This is a very unenlightened CEO, a stupid article, and an extremely inept institute. I had dealings with that institute before and I won't have anything to do with them again. Everything was about as backwards as it could be, from the secretaries, to the misspelled instructions, to the false assumptions, to the selection process, to the criteria, to the contact methods, and more. Paul G. Allen ultimately deserved to die of cancer because he set up an institute that was so foolish and so inept that there was no way the institute would ever be able to recognize a good idea for artificial general intelligence (AGI) even if it came their way, therefore there was no way any promising AGI discovery would ever be supported by his institute to cure his cancer, which was why he created the institute in the first place.
This article is a great example of the consistently bad quality the institute supports and publishes. I don't even know where to begin to start my criticisms of this article. Self-driving cars are a ridiculous attempt with the wrong architecture (digital computers) so should not even be mentioned. The Turing test is so outdated and so naively ridiculous that it shouldn't even be mentioned. The AI doctors comment suggests the CEO has no concept of the difference between human reasoning and shallow empirical reasoning. The CEO seems to be completely ignorant of how to test intelligence in a machine, and obviously didn't do any serious research on that topic or even think about it to any great extent. What is he doing being the head of a famous institute when he clearly doesn't even understand the field in which he is working? Jeez, no wonder his institute is so backwards, throughout.
Perhaps the absurdity of trying to make computers that can
"think" is best demonstrated by reviewing a series of at-
tempts to do just that--by aiming explicitly to pass Turing's
test. In 1991, a New Jersey businessman named Hugh Loeb-
ner founded and subsidized an annual competition, the Loeb-
near Prize Competition in Artificial Intelligence, to identify and
reward the computer program that best approximates artificial
intelligence [AI] as Turing defined it. The first few Competi-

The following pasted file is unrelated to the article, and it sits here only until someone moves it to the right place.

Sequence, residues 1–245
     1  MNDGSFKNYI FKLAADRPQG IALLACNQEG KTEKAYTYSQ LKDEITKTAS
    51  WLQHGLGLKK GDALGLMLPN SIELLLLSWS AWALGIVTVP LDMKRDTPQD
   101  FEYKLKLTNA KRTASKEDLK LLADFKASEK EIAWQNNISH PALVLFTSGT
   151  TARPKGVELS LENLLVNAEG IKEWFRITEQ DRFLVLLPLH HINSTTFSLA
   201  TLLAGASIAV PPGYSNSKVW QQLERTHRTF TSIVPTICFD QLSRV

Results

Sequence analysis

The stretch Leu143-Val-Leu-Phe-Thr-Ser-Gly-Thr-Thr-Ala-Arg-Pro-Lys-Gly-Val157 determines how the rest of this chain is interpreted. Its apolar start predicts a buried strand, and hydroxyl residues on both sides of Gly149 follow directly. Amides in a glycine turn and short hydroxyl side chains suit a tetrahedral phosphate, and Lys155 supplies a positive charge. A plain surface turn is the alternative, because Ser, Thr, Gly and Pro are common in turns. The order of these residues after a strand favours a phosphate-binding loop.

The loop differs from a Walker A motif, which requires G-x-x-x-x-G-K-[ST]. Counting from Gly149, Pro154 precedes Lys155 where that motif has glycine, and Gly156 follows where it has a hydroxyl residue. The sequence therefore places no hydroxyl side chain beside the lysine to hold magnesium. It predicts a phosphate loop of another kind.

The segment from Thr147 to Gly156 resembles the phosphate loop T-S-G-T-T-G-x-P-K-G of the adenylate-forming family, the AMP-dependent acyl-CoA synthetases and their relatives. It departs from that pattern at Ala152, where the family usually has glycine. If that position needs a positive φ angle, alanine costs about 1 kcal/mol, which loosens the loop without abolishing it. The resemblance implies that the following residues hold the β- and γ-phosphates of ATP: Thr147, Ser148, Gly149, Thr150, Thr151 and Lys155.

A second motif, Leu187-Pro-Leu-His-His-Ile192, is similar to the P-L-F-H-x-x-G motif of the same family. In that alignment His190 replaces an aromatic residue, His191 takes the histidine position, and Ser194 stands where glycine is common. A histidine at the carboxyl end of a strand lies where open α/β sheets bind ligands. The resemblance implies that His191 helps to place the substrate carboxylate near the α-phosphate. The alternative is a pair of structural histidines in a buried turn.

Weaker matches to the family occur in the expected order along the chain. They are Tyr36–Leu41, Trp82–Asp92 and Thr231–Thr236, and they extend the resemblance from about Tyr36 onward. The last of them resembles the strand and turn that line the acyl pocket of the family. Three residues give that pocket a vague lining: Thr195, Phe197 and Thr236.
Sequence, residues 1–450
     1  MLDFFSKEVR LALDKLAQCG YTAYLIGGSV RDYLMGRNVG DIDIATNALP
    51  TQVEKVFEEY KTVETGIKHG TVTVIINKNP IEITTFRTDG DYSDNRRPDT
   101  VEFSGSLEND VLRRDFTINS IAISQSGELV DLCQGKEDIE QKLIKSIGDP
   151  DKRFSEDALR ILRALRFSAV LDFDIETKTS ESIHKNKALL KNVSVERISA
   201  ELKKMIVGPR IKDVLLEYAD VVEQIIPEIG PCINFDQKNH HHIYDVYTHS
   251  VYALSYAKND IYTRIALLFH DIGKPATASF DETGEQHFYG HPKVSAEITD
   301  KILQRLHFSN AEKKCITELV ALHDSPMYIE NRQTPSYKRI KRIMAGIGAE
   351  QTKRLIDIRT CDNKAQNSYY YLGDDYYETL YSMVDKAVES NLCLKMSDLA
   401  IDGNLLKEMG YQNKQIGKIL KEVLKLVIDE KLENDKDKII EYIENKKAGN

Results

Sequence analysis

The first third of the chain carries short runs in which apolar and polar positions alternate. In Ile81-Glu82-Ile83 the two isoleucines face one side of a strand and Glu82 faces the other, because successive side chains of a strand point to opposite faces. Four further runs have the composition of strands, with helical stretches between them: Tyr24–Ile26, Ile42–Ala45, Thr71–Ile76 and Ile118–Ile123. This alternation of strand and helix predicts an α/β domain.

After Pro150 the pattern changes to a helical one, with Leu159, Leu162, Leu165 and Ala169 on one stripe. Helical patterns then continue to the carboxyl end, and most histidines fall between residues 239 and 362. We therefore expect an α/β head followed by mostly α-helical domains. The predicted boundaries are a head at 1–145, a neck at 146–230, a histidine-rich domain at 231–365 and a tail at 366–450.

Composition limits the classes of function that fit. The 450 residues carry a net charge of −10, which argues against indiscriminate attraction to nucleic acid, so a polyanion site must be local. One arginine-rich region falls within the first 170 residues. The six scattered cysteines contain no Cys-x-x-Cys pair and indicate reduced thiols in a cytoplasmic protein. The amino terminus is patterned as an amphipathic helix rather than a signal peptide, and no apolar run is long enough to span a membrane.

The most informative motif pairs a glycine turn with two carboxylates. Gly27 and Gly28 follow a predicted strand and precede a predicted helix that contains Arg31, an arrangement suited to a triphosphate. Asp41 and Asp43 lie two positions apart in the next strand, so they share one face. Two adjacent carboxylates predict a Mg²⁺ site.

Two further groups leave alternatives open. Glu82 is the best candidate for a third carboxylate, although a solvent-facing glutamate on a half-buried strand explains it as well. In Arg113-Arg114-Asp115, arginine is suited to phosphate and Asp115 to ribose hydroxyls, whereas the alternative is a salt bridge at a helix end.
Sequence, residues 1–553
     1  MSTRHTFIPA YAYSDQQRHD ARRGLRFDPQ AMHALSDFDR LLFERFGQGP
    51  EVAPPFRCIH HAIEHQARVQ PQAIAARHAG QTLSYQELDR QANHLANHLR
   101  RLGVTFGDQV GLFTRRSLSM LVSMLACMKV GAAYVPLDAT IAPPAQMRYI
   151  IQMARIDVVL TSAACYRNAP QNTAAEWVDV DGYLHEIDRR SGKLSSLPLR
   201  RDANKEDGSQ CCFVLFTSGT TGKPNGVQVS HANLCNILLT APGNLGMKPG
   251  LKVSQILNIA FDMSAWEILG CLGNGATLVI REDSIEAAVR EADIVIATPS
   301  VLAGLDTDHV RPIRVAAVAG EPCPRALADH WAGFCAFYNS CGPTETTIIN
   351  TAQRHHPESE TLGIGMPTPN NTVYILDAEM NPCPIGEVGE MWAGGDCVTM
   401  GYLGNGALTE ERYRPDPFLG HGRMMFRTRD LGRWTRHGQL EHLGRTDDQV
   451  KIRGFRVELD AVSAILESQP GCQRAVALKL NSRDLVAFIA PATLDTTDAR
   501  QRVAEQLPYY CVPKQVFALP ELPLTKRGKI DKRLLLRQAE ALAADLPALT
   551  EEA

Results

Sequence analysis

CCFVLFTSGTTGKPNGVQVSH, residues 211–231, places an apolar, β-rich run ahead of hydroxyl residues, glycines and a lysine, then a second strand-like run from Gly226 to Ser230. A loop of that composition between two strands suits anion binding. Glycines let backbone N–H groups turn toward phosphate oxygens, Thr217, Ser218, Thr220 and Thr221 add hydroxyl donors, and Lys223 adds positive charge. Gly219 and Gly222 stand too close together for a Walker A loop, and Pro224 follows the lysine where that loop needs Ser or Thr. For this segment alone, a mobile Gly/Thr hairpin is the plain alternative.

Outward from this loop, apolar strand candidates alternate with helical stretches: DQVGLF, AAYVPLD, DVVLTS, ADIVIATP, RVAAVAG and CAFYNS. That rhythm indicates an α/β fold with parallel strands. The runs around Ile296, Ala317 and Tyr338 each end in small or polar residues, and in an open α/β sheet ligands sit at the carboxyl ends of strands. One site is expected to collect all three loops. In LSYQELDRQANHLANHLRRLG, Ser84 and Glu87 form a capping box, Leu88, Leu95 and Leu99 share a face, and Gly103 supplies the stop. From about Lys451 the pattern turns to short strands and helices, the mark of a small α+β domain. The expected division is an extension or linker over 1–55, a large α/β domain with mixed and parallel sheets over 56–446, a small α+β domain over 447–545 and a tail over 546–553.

tions were held in Boston under the auspices of the Cam-
bridge Center for Behavioral Studies; since then they have
been held in a variety of academic and semi-academic loca-
tions. But only the first, held in 1991, was well documented
and widely reported on in the press, making that inaugural
event our best case study.
The officials presiding over the competition had to settle a
number of details ignored in Turing's paper, such as how of-
ten the judges must guess that a computer is human before
we accept their results as significant, and how long a judge
may interact with a hidden entity before he has to decide. For
the original competition, the host center settled such ques-
tions with arbitrary decisions--including the number of
judges, the method of selecting them, and the instructions
they were given.
Beyond these practical concerns, there are deeper ques-
tions about how to interpret the range of possible outcomes:
What conclusions are we justified in reaching if the judges are
generally successful in identifying humans as humans and
computers as computers? Is there some point at which we
may conclude that Turing was wrong, or do we simply keep
trying until the results support his thesis? And what if judges
mistake humans for computers--the very opposite of what
Turing expected? (This last possibility is not merely hypotheti-
cal; three competition judges made this mistake, as discussed
Halpern, Mark. 2011. "The Turing Test Cannot Prove Artificial Intelligence." In Artificial Intelligence, ed. Noah Berlatsky. Farmington Hills, MI: Greenhaven Press.